* John Buchan, The Three Hostages.  One of my favorite authors.

* G. K. Chesterton, The Collected Works, vol. 27, The Illustrated London News, 1905-1907 and The Defendant.  Wonderful essays.

* Elizabeth Coatsworth, Away Goes Sally, Five Bushel Farm, and The Fair American.  The first three in a series of books about a young girl in Maine in the late 1790s.  Read to Theia and Vance, with much enjoyment.

* Joy Davidman, Smoke on the Mountain: The Ten Commandments in Terms of Today.  Insight after insight.

* Kenneth Grahame, The Wind in the Willows.  A masterpiece.

* Stanley Hauerwas, Carole Bailey Stoneking, Keith G. Meador, and David Cloutier, eds., Growing Old in Christ. Very helpful essays, many of them rich with insights.

* C. J. Hribal, Matty’s Heart and The Clouds in Memphis.  Stories that can break your heart.

* Rachel Jankovic, Loving the Little Years: Motherhood in the Trenches.  Not just for mothers; I need to read this one every year.

* Walt Kelly, Pogo: Through the Wild Blue Yonder: The Complete Syndicated Comic Strips, Vol. 1.  I grew up reading these in books my parents had collected.  It’s great to see them coming out in a nice hardback edition.  There has never been another comic strip like Pogo.

* C. S. Lewis, The Magician’s Nephew and The Last Battle.  Great stuff … though I’m glad the eschatology Lewis presents for Narnia isn’t the eschatology of Earth.

* C. S. Lewis, Miracles.  I remember trying to read this when I was much younger (a teenager?) and not getting very far.  Loved it this time through.

* Richard Lischer, Open Secrets.  An enjoyable memoir of the first year of a Lutheran pastorate in southern Illinois; some very good passages on pastoral work, including an interesting and helpful chapter on the often positive function of gossip — “speech among the baptized” — in a church community, as it sorts out people and relations and evaluates them.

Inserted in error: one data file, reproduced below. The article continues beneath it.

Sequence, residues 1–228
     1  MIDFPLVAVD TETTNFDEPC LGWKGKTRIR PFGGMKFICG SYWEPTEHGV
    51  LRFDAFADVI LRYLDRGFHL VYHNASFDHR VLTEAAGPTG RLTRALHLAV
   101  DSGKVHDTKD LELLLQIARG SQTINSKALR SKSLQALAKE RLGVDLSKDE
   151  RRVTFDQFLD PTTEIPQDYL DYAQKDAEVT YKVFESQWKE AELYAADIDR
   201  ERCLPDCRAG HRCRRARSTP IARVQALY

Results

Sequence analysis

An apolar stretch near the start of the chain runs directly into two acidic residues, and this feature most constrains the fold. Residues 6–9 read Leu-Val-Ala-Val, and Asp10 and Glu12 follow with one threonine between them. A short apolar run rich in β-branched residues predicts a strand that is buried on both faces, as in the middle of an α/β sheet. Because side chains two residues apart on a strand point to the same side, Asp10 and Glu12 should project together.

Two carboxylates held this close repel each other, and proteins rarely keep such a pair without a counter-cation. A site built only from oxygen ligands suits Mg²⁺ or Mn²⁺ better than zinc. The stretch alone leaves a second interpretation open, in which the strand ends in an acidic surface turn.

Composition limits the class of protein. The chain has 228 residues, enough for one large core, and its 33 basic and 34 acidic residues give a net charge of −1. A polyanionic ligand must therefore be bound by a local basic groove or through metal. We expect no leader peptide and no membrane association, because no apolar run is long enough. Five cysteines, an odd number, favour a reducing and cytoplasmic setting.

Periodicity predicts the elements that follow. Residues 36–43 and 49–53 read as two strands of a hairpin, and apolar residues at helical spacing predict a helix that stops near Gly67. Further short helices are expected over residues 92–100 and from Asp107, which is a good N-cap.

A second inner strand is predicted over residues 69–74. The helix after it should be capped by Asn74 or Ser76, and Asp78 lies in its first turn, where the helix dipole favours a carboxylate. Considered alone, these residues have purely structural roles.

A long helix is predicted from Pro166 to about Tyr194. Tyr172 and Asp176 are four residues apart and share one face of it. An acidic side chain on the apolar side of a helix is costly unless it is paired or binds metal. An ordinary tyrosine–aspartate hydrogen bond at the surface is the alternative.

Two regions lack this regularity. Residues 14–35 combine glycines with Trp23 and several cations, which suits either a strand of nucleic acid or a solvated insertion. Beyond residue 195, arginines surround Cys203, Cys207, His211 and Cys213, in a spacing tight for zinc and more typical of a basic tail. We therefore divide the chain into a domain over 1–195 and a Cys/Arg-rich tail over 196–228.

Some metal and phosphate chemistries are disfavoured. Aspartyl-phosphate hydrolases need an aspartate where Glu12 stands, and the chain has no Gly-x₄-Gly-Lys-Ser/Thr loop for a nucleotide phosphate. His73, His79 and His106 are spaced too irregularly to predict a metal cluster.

* Eloise Jarvis McGraw, The Golden Goblet.  Read to Theia and Vance at the same time I was teaching Theia about ancient Egypt.

* A. A. Milne, Winnie-the-Pooh and The House at Pooh Corner. Read them to the kids … again.  There were times I could hardly stop laughing.  I ought to read these every year.

* E. Nesbit, The Story of the Treasure Seekers.  Hilarious.  Why didn’t I read Nesbit when I was a kid?  Especially puzzling, given that I loved C. S. Lewis and Edward Eager.

* Patrick O’Brian, The Thirteen Gun Salute, The Nutmeg of Consolation.  The thirteenth and fourteenth in a series that never gets stale.

* Marilynne Robinson, Housekeeping.  Slow but deep.

* P. Andrew Sandlin & John Barach, eds., Obedient Faith: A Festschrift for Norman Shepherd.  I first met Norman Shepherd when I was in seminary and he was a member of the board, and it was an honor to be able to edit this volume for him.  There are some very good essays in here.

* Lynn Stegner, Because a Fire Was in My Head.  Very realistic and very sad.

* Victoria Sweet, God’s Hotel: A Doctor, a Hospital, and a Pilgrimage to the Heart of Medicine. Very interesting account of a doctor at the last almshouse in America and the change from “inefficient” to “efficient” medicine, with some interesting stuff on premodern medicine, medical politics, etc.

* Hilda van Stockum, A Day on Skates.  Very enjoyable.

* J. R. R. Tolkien, The Hobbit.  Second time through with the kids.  Maybe I’ll tackle The Lord of the Rings this year.

* Lars Walker, Erling’s Word.  Blogged about it here.

* Laura  Ingalls Wilder, These Happy Golden Years.  Read to the kids with as much enjoyment myself as they received.

* N. D. Wilson, Leepike Ridge.  Had the kids on the edge of their seats a lot of the time.  Or their beds.  Wherever they were sitting, it was the edge.  Someday, they’ll read The Odyssey and remember this story.

* N. T. Wright,  The Epistles of Paul to the Colossians and to Philemon: An Introduction and Commentary.  I find Wright’s approach to the so-called “Colossian heresy” quite persuasive.

If there’s one thing to learn from this list, I guess, it’s that most of the best books I read last year were the ones I read with the kids.

Posted by John Barach @ 12:33 pm | Discuss (3)